10th Global Peter Drucker Forum

Inclining towards ‘Human’agement
by Namita Gupta-Hehl

Ever wondered why the emotional dimensions find their place in the apex of Maslow’s hierarchy of needs? It is indeed a reiteration of the ‘human’ aspect.

‘People’ form the axis of a business around which the processes and profits revolve. To spell success, a product must be customer-centric, and a software application must be user-centric. No wonder ‘Human-centric’ strategies and methodologies work wonders time and again. Not to forget, these strategies have an underlying ingredient – emotions.

Defining Emotions in Business

Are emotions detrimental to a business?”

If frustration and dissatisfaction are the widespread emotions in a business, then that statement holds good.

Emotions are an indispensable part of a business. How would business advertisements and sales pitches work without the emotional factor? How would the targets be met without employee motivation? How would we claim customer service excellence without empathy? What lies beneath the success of the numerous ‘and they happily lived ever after’ stories? What about the umpteen emoticons available in chats and messengers? Human beings strive to fill any void in their existence with gratification and happiness, which indeed is the ‘human experience’.

These very emotions that constitute the ‘human experience’ are what sets us apart in the areas of effective leadership, the decision-making process and the instillation of a meaningful identity to the members of the organization.

The ‘People’ Aspect

Gone are the days when business was based on merely rational strategies. Be it in customer service or employee engagement, success in today’s business world depends primarily on the people aspect. Attracting, retaining and motivating talent has become a prime area of focus. A stronger affinity towards employee engagement, recognition and reward has brought about a widespread culture of appreciation in organizations.

The increased attention to the Emotional Quotient in hiring and developing talent has directly translated into success for companies. This may be the first step that is necessary in the development and acknowledgement of new, specialized skills in the workforce in order to differentiate ourselves from machines and stay relevant. Emotional intelligence itself facilitates an individual’s adaptation to radical change, especially in an era of business where Artificial Intelligence can replace and, in some cases, overwrite human capability. Empathy and motivation are two such skills that can prove to be key differentiators. Without fighting the progress that such new technology brings about, we can treat these skills as catalysts for the complementary integration of AI and EI which is unprecedented and crucial to the future-oriented development of companies.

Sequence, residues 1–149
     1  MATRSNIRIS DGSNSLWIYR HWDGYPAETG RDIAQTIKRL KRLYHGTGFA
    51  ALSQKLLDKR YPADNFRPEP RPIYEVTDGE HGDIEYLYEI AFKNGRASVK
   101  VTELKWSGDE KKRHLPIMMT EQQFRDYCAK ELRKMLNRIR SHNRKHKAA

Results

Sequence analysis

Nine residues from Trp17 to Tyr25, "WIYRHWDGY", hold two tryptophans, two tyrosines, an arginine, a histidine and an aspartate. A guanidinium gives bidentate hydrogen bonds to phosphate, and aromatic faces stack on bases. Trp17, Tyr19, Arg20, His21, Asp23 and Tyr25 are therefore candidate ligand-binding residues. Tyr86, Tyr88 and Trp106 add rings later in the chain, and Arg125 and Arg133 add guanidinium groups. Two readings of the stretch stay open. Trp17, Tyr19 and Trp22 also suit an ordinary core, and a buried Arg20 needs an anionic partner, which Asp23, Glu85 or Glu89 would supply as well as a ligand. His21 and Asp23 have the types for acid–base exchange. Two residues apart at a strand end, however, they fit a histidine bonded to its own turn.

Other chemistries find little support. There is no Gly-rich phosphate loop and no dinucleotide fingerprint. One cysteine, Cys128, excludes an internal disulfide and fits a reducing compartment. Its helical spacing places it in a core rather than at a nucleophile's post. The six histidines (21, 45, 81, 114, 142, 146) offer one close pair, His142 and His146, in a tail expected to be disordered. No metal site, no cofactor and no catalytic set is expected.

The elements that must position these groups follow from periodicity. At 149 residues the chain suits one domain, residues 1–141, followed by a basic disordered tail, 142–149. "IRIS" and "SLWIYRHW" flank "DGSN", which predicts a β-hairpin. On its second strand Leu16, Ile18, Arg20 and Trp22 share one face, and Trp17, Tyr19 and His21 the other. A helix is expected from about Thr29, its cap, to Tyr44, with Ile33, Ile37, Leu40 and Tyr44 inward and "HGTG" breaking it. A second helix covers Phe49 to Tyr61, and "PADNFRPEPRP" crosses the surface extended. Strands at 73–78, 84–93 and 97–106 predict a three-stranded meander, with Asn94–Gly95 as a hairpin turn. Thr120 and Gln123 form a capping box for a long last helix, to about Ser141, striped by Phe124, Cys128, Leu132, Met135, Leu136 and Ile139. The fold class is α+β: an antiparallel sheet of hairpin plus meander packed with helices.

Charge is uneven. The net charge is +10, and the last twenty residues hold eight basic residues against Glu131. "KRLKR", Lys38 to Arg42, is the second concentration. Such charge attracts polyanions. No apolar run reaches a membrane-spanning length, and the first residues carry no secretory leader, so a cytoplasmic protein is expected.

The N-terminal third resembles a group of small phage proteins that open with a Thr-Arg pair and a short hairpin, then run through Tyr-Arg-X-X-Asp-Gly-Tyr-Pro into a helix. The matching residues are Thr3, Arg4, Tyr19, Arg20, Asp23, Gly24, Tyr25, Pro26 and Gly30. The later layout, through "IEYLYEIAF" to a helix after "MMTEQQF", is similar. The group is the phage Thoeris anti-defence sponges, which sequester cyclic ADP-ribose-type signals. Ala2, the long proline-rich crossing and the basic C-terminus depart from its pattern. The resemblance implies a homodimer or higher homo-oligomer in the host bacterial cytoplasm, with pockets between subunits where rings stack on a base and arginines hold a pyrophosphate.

The Surge of Intelligences

Imagine sitting in a cutting-edge clinic facing a smart machine doctor who is all charged up to  diagnose an illness. You receive a diagnosis and a treatment plan. Job done!

Will the machines lend an ear to learn about each patient’s life story, family or finances in order to empathetically optimize the experience, and will they have the ability to truly understand, motivate and interact with patients in the perspective of personal experiences? Will a patient be treated as just another medical case or a human with valid emotional justifications?

Sometimes we as humans underestimate the importance of personal experiences in understanding, motivating and interacting with people, be it employees or consumers. Emotional and interpersonal intelligence are key factors in enhancing this ‘human’ experience. For proof, consider a case study carried out by Amadori, a supplier of poultry to McDonalds in Europe, which showed that 76% of the variation in organizational engagement was predicted by managers’ EQ. Generally, units that exhibited higher organizational engagement achieved better performance results, while employee attrition dropped by a whopping 63%.

Engage rather than manage

Human beings have an innate desire to be engaged rather than being managed. A sense of purpose, gratification, belonging and motivation drive them to succeed. In the perspective of what we might call ‘human’agement, people are to be engaged and empowered rather than simply used as a channel to facilitate profits. The efforts of an employee and the buying decision of a customer can surely send the profit curve soaring high, but the motivation of an engaged employee and the bonding of a loyal customer to the brand, boosts not just the profit curve but the reputation of the entire organization. This is the emotional profit in business.

About the author:

Global marketing and communications executive with over 15 years of work experience in Europe, North America and Asia.

This article is one in a series related to the 10th Global Peter Drucker Forum, with the theme management. the human dimension, taking place on November 29 & 30, 2018 in Vienna, Austria #GPDF18

This article first appeared  in the Drucker Forum Series on Linkedin Pulse.

 

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